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Battle of Alberta becomes a battle to avoid embarrassment

The Edmonton Oilers and Calgary Flames have been so bad this season they face almost insurmountable odds if they hope to avoid becoming the worst Oilers-Flames tandem in history. They need 17 points in 12 games to do it.
The Hockey News

The Hockey News

The 2013-14 season has already unofficially been the worst ever in Alberta’s NHL history. And now the Edmonton Oilers and Calgary Flames must gain at least 17 points combined in their final 12 games to keep it from becoming official.

With a combined 130 points after playing 76 games each, the Flames and Oilers have to post a winning percentage of .708 in order to avoid being the worst Flames-Oilers combination ever. After both losing in regulation Tuesday night – the Flames fell 3-2 to the Toronto Maple Leafs and the Oilers lost 5-4 on the road to the San Jose Sharks- they’re currently playing at a combined .428 clip.

Until this season, the worst seasons ever for the Oilers and Flames combined were 1995-96 and 1996-97, when they combined for 147 points. In ’95-96, the Flames had 79 points and the Oilers 68; in ’97-98 the Oilers had 80 and the Flames 67. (Last year’s lockout shortened season wasn’t much better with the Flames and Oilers combining for a pro-rated 149 points.)

So even if the Flames and Oilers both run the table in each of their final six games, they’ll finish the season with a combined 154 points, which would make it their fifth-worst season combined after 1995-96, ’97-98, 2009-10 when they combined for 152 points, and last season.

It’s important to note, however, that the ’95-96 and ’97-98 teams didn’t have the benefit of shootouts to pad their point totals. In both those seasons, the teams combined for five overtime losses, which, under today’s standards, would have put their point totals at 153 and 152 for those two seasons. In 1995-96, the Flames and Oilers played in 19 games that were tied after regulation time and 5-on-5 overtime, meaning they would have only had to combine for three shootout wins in 19 games to eclipse the best they can possibly do this season. And in 1997-98, 25 combined games were tied after overtime, with the teams having to combine for only two shootout wins in those games to get more than the 154 at which the Flames and Oilers can possibly max out this season.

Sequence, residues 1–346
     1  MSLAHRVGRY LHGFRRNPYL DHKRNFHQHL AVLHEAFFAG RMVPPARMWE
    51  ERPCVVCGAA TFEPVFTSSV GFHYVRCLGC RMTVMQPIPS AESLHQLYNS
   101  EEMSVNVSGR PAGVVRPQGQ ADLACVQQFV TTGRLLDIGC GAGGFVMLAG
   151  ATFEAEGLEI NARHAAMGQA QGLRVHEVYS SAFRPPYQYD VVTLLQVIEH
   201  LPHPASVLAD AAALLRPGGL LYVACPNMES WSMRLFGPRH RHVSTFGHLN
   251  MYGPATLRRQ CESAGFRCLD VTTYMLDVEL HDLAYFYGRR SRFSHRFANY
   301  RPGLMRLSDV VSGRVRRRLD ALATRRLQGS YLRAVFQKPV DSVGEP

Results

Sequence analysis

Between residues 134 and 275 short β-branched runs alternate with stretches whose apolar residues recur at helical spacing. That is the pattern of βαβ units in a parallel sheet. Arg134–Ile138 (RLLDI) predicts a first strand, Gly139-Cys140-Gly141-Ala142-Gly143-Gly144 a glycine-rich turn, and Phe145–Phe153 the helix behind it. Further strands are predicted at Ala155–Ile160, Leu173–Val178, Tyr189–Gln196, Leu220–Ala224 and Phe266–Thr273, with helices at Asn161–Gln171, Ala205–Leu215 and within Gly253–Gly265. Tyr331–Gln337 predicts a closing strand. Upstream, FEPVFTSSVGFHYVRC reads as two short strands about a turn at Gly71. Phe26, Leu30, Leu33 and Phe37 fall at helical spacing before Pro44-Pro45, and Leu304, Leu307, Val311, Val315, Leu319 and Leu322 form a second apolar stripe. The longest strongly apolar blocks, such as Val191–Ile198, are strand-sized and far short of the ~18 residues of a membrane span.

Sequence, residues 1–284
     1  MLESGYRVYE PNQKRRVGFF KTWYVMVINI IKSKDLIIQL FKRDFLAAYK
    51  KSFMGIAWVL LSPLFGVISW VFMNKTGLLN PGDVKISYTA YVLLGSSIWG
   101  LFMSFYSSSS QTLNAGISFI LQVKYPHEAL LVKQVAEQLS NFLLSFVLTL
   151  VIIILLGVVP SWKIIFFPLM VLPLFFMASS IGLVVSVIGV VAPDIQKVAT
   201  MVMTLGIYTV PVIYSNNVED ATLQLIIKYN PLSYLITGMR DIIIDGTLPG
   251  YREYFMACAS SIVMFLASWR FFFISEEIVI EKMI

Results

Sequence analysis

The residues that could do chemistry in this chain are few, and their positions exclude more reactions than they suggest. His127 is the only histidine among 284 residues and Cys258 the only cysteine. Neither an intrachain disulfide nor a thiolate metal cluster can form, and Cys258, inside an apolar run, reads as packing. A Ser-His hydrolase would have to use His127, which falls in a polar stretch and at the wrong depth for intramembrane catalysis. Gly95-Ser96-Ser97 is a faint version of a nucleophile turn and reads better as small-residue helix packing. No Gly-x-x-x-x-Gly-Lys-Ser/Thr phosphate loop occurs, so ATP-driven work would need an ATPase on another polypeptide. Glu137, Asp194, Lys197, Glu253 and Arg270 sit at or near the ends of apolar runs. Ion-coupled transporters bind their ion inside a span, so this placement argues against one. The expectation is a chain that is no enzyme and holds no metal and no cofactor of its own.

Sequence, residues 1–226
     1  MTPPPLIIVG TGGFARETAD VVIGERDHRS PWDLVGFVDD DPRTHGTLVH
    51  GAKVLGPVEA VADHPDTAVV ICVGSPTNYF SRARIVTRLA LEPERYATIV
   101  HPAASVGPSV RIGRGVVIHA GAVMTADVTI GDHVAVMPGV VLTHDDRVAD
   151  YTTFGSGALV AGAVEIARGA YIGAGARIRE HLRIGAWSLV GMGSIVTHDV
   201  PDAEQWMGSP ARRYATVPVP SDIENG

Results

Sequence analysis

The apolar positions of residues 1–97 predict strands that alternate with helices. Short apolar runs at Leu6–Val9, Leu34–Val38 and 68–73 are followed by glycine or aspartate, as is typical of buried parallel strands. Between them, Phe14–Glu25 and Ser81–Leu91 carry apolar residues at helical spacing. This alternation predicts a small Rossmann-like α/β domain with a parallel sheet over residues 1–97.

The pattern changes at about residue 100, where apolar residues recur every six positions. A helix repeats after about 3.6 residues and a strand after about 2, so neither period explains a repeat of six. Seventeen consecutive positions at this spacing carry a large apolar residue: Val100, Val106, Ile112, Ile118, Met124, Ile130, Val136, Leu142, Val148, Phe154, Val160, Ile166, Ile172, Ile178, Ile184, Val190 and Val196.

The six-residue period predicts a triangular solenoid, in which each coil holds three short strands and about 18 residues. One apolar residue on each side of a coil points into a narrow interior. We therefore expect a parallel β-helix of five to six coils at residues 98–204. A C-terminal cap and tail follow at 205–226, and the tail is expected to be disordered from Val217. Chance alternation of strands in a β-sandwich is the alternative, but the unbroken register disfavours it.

(In each of those seasons, the Oilers and Flames tied each other once, which automatically would give them at least one more combined point, since one of them would have had to win those shootouts.)

So the real low-water mark is the 149 pro-rated points from last season, meaning the Oilers and Flames will have to combine for 19 of a possible 24 points just to tie that mark.

All of which means both the Oilers and Flames, once bitter rivals in the Battle of Alberta, should be cheering for each other to win as many games as they can in April. Because only a miracle will keep them from being the most historically bad teams the province has ever had.

In their final six games, the Oilers play on the road at Phoenix, then end the season with home games against Anaheim, Colorado, Los Angeles and Vancouver. The Flames are on the road against Tampa Bay, Florida and New Jersey before finishing the season with a three-game home stand against Los Angeles, Winnipeg and Vancouver.


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